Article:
Critique Point: ‘Get Out’

By Lara Owolabi

I usually watch trailers to films I want to see (because who doesn’t love a little anticipation before watching a movie?) but, for Get Out, I didn’t watch any of the trailers. Honestly, this one time, I’m glad I didn’t.

Before we get into this review, I would just like to say EVERYTHING about this horror-satirical film has a meaning. In its simplest form, the film is about an African American male, his white girlfriend and their interesting (to say the least) weekend trip to her hometown. I totally recommend this film and, if you haven’t seen it yet, go watch it before you read my amazing review!

The first five minutes of the film are essential and add a bit of a backstory which, at the time, won’t make much sense, but the meaning will soon be revealed! Having missed the first five minutes the first time I watched this film, I will admit I was a bit confused later on when my friends got super excited over a particular character.

Get Out is an eye-opener for how twisted individuals can be, and the movie uses racism to highlight how black people are portrayed as admirable, yet still seen as lower class. The film came out around the same time that there was a lot of injustice happening against African Americans in the US, so it could be said that Get Out intentionally sends a message out to the world.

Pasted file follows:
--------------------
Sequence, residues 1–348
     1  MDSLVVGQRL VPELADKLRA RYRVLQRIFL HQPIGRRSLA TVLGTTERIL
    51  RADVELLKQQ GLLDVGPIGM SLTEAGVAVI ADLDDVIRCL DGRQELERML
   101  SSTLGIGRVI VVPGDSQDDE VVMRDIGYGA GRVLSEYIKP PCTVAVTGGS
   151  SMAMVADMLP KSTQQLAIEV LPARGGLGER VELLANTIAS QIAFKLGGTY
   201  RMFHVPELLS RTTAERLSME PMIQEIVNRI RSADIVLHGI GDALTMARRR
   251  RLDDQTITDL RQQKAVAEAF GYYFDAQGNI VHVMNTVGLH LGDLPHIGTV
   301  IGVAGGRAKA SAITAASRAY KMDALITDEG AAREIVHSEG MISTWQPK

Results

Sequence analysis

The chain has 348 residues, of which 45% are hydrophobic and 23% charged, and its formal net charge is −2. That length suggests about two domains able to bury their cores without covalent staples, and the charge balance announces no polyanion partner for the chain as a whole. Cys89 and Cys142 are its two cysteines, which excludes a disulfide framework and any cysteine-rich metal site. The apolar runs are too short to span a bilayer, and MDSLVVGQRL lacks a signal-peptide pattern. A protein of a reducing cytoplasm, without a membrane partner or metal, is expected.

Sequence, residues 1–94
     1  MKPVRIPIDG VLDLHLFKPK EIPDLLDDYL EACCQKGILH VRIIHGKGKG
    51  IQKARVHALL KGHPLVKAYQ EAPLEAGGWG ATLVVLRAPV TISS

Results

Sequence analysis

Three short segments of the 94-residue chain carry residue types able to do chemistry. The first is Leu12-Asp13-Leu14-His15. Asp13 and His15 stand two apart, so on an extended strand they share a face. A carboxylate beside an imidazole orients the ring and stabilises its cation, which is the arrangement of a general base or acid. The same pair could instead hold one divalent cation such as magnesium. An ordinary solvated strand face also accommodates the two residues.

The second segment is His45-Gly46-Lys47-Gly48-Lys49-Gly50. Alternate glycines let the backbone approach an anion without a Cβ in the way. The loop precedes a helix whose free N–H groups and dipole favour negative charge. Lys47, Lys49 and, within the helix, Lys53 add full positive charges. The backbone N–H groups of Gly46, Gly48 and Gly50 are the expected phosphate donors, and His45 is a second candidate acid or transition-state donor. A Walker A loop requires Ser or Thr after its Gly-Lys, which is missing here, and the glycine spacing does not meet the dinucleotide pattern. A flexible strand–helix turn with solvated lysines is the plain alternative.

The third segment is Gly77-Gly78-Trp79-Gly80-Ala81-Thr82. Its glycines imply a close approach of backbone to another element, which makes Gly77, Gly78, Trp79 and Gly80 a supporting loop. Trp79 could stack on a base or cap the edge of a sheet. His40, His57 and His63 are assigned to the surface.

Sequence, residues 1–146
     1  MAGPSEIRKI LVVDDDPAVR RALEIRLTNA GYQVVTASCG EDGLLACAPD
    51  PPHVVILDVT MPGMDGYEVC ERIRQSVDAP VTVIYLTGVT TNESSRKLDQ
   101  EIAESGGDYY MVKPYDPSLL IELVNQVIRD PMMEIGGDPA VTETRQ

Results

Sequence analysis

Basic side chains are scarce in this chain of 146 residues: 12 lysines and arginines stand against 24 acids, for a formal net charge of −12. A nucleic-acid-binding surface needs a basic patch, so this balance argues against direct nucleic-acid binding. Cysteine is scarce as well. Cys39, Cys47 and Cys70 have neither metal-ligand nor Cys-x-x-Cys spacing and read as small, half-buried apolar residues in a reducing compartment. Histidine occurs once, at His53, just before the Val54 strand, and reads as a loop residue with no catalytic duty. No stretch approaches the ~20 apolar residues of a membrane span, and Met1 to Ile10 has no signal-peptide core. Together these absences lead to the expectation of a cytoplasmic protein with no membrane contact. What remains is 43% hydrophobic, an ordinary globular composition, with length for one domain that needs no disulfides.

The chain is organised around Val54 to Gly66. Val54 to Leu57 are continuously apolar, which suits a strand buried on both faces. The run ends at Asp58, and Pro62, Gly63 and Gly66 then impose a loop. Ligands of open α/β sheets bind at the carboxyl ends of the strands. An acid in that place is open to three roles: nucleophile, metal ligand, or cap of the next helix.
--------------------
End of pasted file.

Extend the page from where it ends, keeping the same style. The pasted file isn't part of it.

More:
It’s not a film where the racism subtly builds up but, instead, is a slap in the face enlaced with comedy, and this allows the film to be less intense and actually makes certain scenes hilarious. However, being a person of colour meant that I understood some of the scenes more so on a personal level, and this made the film even better for me and my friends — the best films are the ones where you can relate to it, as it means you have a better understanding of what’s going on.

I’m not going to lie; the ending of the film really threw me off, and this is mainly because it felt like all the intense scenes came right at the end, and then it was over. A particularly intense moment is the last scene involving the main character, Chris, with his hands up where you think, “NO! He’s going to get arrested!” but it turns out it’s his police officer friend who steps out of the police car.

I’ll let you in on a little secret: in the original ending, Chris was supposed to get arrested because that’s how it often ended for people of colour in real life facing the police. However, the writer thought too much of that was already going on, and the film needed a happy ending. Plus, you don’t expect it which makes it even better.

Get Out will take you on a wild trip, and it’s a real eye-opener to social situations still going on right now. These situations need to be addressed and hard topics are not meant to be ‘swept under the carpet’: they’re supposed to be aired out! Get Out does this, and it’s definitely worth the watch and is a film that will always be on my list of favourites.

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Critique Point: ‘Get Out’